How to properly fill the raised bed

How to properly fill the raised bed

When is the best time to fill the raised bed?

Raised beds can be filled in both spring and autumn, although both times have their own specific advantages and disadvantages. Beds set up in spring benefit from the heat that is generated by the decomposition processes and increases the soil temperature by a few degrees - with the result that these beds can be planted two to three weeks earlier. At the same time, the problem arises with beds that are only filled shortly before the gardening season that they collapse after a few weeks. If, on the other hand, the raised bed was set up in autumn, you can fill it in with filling material throughout the winter: vegetable waste from the kitchen, fallen leaves, grass clippings, shredded cuttings from wood, litter from pet cages, hay and straw ... the raised bed functions as a kind of composter,which decomposes the materials during the winter months.

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The different layers of a raised bed

Raised beds are made up of different layers, with coarse and then finer material being used from bottom to top. The individual layers should never be too thick. Grass clippings, for example, are always scattered thinly and loosely into the bed so that nothing sticks together and consequently no mold can form. Spread thin layers of semi-ripe or ripe compost between the individual layers, which inoculates the content with microorganisms and thus promotes faster decomposition of the material. In addition, the filling with fine layers of earth prevents the formation of cavities inside the bed - this can prevent the raised bed from sinking suddenly and sharply.

Structure of a raised bed in the overview

When filling, make sure that the material used is not too dry. A certain amount of moisture - not wetness! - Already when pouring would be ideal, but if necessary it can also be achieved by lightly showering freshly sprinkled layers.

The first layer

The bottom layer of the raised bed consists of coarse materials such as branches, twigs and even inorganic materials such as stones, rubble or gravel. This first layer is used for drainage and is intended to ensure that excess water can drain off quickly. With the appropriate construction of the raised bed, you can design this layer with flat stones and larger stone slabs so that smaller animals such as lizards, slow worms or bumblebees find a home here.

The second layer

The next layer basically consists of all green waste from the kitchen and garden: vegetable waste, leaves, clippings, turf and weed weeds (but no root weeds such as ground grass, couch grass, bryos or bindweed!). If you want to use the raised bed as a cold frame in early spring, this layer should also contain an approximately 40 centimeter thick layer of horse manure. But this must be tamped down well before you pack additional layers on top. Horse manure is important for cold frames because it generates a lot of heat.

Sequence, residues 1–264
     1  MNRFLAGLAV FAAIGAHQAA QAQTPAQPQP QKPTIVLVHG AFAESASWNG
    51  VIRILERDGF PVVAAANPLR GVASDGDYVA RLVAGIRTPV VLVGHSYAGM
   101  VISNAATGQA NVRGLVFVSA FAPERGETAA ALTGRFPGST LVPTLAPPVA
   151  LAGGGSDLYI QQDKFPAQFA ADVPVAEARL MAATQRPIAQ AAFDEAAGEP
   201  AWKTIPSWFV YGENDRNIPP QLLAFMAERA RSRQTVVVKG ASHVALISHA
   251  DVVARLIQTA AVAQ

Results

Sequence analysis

The third layer

This is then followed by several thin layers, depending on which filling material you have at hand: grass clippings, semi-ripe compost, animal litter, leaves, chopped wood, garden waste and the like. Between the individual layers there are always thin layers of ripe compost as well as horn shavings (€ 6.39 on Amazon *) and rock flour. (€ 14.95 at Amazon *) These cause the material filled in to create a particularly valuable and nutrient-rich soil.

The top layer

A layer of good potting soil or very ripe compost is always at least 15 centimeters thick. This layer of soil must by no means be too thin, as the plants cultivated on the bed will otherwise have too little space for their roots and growth will be difficult as a result. When asked which soil should be used, the answer is basically quite simple: Choose a high-quality, humus-rich potting soil that you can mix with ripe compost if necessary. By the way: With bark mulch you can later mulch the plants in the raised bed and thus reduce the weed shooting.

Fill the raised bed with inorganic materials

Instead of using coarse vegetable material, you can also use non-rotting inorganic fillers such as stones and stone residues, crushed stone, grit, sand, gravel, expanded clay (€ 17.50 on Amazon *) or granules (e.g. lava) for the bottom layer. These have the advantage that the bed will not sink so much as a result. However, at the same time the proportion of organic green matter is reduced and thus also the proportion of newly formed soil. This means that the plants have fewer nutrients overall.


Under no circumstances should you compost plants in the raised bed that reproduce via their roots or tubers - mints, Jerusalem artichokes and various weeds would even reach the surface from the deeper layers and proliferate there. On the other hand, seed weeds such as the report are not a problem, as the seeds and seedlings usually cannot withstand the high temperatures inside.